Jelks v. USA

Filing 49

ORDER DENYING DEFENDANT'S 48 MOTION FOR RELIEF FROM JUDGMENT. Signed by Judge J. Daniel Breen on 8/2/17. (Breen, J.)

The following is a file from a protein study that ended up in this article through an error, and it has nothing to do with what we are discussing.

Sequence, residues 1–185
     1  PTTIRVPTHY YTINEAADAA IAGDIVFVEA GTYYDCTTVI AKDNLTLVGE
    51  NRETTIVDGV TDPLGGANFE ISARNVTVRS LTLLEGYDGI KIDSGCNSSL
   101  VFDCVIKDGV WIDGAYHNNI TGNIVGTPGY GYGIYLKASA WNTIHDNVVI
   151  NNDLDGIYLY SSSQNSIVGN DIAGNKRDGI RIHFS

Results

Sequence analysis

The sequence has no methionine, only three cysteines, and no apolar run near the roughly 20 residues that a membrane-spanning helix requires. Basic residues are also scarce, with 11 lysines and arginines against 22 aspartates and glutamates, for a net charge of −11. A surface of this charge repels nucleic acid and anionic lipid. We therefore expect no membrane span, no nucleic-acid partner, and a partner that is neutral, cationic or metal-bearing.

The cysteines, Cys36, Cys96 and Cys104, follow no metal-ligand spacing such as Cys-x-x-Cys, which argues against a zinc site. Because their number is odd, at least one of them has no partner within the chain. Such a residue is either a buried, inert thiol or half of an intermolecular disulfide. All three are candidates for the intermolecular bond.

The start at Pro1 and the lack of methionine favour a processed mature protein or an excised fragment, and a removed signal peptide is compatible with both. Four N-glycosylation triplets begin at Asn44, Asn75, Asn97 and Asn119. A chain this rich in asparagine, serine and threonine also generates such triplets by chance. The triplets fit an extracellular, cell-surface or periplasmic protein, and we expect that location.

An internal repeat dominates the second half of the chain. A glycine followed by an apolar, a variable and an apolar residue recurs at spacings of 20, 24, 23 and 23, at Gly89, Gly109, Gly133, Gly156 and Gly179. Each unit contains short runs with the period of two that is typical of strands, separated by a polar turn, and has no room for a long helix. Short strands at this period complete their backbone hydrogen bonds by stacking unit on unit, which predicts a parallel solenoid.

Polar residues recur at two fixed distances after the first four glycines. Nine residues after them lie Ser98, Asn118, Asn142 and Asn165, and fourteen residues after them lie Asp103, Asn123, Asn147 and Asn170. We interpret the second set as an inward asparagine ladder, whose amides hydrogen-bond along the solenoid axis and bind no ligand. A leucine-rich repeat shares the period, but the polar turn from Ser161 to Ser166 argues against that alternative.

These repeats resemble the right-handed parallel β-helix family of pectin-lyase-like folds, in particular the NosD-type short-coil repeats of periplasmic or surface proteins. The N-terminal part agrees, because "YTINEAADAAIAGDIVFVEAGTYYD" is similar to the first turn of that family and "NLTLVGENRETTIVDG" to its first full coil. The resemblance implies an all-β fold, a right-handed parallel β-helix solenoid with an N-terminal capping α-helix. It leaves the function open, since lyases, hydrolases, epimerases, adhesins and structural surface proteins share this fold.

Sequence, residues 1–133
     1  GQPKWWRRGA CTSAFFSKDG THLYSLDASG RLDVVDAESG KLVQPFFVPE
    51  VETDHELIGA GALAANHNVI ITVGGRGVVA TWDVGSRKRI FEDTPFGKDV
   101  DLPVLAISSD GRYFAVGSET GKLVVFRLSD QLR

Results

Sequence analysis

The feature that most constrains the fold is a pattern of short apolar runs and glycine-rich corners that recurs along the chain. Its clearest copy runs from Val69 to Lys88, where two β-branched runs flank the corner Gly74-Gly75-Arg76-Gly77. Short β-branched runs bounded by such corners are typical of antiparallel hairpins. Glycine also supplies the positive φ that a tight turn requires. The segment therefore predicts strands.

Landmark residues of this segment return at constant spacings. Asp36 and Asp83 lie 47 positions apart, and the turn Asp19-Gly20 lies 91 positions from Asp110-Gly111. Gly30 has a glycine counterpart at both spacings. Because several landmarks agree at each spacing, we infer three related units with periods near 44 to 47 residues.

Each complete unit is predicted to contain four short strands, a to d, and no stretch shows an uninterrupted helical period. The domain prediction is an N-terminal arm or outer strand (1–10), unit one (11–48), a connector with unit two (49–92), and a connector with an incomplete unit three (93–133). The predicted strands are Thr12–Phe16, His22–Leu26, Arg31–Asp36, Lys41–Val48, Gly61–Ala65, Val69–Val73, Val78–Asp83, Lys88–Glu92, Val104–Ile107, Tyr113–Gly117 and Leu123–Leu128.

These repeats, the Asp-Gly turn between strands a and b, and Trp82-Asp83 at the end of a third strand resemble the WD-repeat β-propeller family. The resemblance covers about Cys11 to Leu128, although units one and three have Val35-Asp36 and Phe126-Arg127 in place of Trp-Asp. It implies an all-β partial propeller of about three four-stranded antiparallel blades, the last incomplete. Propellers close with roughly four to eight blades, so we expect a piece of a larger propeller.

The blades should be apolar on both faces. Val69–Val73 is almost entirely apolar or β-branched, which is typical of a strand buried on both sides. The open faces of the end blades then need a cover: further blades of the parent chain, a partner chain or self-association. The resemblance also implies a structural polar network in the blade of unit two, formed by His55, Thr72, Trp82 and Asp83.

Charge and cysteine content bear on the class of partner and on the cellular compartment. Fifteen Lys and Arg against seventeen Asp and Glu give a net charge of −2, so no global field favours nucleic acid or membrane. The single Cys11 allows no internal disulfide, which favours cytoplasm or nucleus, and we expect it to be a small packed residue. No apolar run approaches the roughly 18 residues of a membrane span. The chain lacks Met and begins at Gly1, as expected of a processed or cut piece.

Download PDF